Readers of the Nevada Appeal editorial pages know former columnist Bob Thomas as a crusty critic of much of the foolishness of both local and national politics.
What they probably don't know is that Thomas is a retired businessman who founded two companies, which he and his partners later sold to Fortune 500 firms at a comfortable profit.
Since retiring from business, Thomas has served on the Carson City school board and was a Nevada legislator for three terms. He's also been active in keeping the Carson City airport in business as well as writing his many columns for the Appeal. He not content to sit back and watch the tube.
Now his first book has been published, "The Fail-Proof Enterprise, a Success Model for Entrepreneurs"(IHC Books, 268 pages, $29.95 hardcover, $19.95 trade paperback).
Disguised as a textbook for innovators, the book is a fascinating look into the world of creating a business. Thomas knows what he is writing about. The two companies were based on concepts he devised, such as requiring those founders who joined him to serve without pay for 18 months and to eliminate wherever possible dreaded middle-management positions.
Thomas tells how, after serving in the U.S. Army Air Corps, he earned a grounding in sales after college (where he put himself through the University of California, Los Angeles, by playing trumpet and on the GI Bill), selling specialized products to the aerospace industry. He rose to be sales manager and marketing chief.
A corporate ownership change resulted in Thomas having time to think and to take a personality exam, which directed him to his strengths.
The basis of his first company, UNI-LOC, was a device to measure and control such things as pH factors in large water-cooling systems (you get a fine education in the complexities of keeping giant cooling systems working correctly in Thomas' book).
It wasn't all a walkover. Complexities with the device and suits over patents roiled the small corporation waters, but thanks to such as Pacific Telephone, UNI-LOC's first big customer, which stuck by the small firm even after being named co-defendant in a patent suit, which UNI-LOC won.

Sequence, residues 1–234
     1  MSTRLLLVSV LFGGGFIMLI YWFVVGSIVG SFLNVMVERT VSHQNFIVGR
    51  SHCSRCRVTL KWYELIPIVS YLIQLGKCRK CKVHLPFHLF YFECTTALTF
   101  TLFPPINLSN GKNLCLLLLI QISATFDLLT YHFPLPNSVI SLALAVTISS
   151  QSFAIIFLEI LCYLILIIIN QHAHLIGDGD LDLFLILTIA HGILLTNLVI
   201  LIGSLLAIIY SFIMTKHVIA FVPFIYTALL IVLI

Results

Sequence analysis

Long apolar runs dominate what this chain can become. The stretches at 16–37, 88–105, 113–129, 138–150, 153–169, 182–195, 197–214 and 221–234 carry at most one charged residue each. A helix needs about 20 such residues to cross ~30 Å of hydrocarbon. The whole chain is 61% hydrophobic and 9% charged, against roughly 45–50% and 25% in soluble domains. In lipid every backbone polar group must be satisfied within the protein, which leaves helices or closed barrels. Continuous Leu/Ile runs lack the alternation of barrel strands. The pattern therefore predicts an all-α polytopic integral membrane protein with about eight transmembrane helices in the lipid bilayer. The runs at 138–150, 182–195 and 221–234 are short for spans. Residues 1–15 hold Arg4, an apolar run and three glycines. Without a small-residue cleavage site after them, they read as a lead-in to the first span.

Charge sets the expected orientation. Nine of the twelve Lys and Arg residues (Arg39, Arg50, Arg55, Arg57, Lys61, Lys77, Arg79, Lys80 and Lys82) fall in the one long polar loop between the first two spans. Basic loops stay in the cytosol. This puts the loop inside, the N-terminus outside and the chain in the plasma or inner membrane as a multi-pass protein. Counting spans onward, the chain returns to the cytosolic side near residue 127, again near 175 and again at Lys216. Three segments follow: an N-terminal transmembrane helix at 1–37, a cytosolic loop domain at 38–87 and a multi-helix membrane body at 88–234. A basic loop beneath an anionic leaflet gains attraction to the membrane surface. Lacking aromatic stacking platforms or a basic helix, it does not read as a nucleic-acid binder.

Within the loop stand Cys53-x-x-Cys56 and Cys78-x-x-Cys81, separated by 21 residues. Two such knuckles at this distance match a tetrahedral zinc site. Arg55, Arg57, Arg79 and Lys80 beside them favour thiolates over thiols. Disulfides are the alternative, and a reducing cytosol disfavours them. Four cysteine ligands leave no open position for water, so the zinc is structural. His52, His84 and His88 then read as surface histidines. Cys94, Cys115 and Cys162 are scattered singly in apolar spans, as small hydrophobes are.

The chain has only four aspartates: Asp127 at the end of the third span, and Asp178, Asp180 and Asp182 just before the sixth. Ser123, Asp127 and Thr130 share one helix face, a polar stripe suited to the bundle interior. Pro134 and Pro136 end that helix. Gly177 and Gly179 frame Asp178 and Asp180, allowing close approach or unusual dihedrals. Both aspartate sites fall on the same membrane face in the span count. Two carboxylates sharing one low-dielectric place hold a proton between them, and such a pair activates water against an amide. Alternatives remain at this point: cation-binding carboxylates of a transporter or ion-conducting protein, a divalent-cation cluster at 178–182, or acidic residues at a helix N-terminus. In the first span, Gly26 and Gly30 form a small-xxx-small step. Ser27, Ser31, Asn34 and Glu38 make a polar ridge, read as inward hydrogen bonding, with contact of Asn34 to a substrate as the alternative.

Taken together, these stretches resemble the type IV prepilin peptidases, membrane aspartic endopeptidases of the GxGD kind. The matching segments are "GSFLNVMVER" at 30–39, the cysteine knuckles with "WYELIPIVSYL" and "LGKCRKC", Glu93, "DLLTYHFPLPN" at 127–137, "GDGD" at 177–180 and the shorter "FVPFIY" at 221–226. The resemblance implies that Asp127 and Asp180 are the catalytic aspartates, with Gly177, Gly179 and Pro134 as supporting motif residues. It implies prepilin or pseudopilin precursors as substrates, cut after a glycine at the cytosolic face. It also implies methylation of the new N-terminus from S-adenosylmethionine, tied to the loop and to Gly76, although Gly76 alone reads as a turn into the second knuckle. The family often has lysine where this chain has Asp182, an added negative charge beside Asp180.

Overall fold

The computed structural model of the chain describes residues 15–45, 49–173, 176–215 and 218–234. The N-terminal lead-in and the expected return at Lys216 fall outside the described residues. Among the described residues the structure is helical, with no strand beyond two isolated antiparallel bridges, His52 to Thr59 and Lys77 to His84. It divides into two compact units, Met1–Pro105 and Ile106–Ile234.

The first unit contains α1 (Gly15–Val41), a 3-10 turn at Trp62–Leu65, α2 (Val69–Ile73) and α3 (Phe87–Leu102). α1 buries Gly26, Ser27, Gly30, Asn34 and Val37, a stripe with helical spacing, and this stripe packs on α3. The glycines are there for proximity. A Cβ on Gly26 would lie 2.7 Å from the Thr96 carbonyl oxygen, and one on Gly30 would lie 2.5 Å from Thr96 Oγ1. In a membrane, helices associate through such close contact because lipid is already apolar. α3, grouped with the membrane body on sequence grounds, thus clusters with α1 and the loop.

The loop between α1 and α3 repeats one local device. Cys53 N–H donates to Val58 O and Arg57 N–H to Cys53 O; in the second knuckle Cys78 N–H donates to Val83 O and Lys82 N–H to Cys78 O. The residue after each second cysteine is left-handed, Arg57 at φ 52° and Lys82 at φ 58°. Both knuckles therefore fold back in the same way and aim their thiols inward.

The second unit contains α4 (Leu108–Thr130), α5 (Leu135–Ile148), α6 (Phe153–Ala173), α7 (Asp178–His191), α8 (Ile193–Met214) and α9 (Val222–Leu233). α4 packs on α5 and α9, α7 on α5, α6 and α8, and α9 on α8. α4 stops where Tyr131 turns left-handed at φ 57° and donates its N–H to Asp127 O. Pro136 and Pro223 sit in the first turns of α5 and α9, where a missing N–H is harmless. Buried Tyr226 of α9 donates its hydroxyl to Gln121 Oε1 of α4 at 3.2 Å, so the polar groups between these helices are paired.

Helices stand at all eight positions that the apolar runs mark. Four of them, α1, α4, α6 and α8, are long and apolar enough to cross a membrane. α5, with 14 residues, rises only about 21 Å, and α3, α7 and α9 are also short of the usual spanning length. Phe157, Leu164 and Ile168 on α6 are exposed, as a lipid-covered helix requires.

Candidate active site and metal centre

Once passed the initial crises, UNI-LOC prospered, so much so that a buyout offer came. Thomas and associates sold, and he retired. But he wasn't really ready to sit back and contemplate the world so, with associates again, he founded another company, TBI. Ditto.
Thomas tells the story in an easy, informal manner, brightly, self-effacing, funny at times, serious all the rest. He writes a fine narrative, interesting enough to pull even non-business folk along.
Even if a reader has little interest in starting a company, the book is worth a read.
But for aspiring entrepreneurs, it's a must. Thomas knows that there is a time for entrepreneurs and a time for managers. The trick is knowing when the entrepreneur should let go and move on. Thomas knew when to step aside. And he cautions entrepreneurs to be aware that there is a time for them to turn the business over to professional managers.
It won't be as much fun for employees (I know first-hand; I was at Playboy Enterprises when it went public, and something disappeared from the joy there). But when a company grows beyond the Thomas formula of no middle management and other limits, it's time to move on.
Thomas has included a section on "The 10 Rules of the Fail-Proof Enterprise" as well as a Q&A that recaps the book, thus the textbook aspect.
But don't be put off by that characterization. Yes, the book will be used as a text at Hillsdale College. But it's more than that. It's a peek at the kind of person who has an original mind and the courage to use it.
The book is available at Amazon.com and IHC Books, 33 E. College St., Hillsdale MI 49242 in hardcover ($24.95) or trade paperback (19.95); or at (800) 437-2268.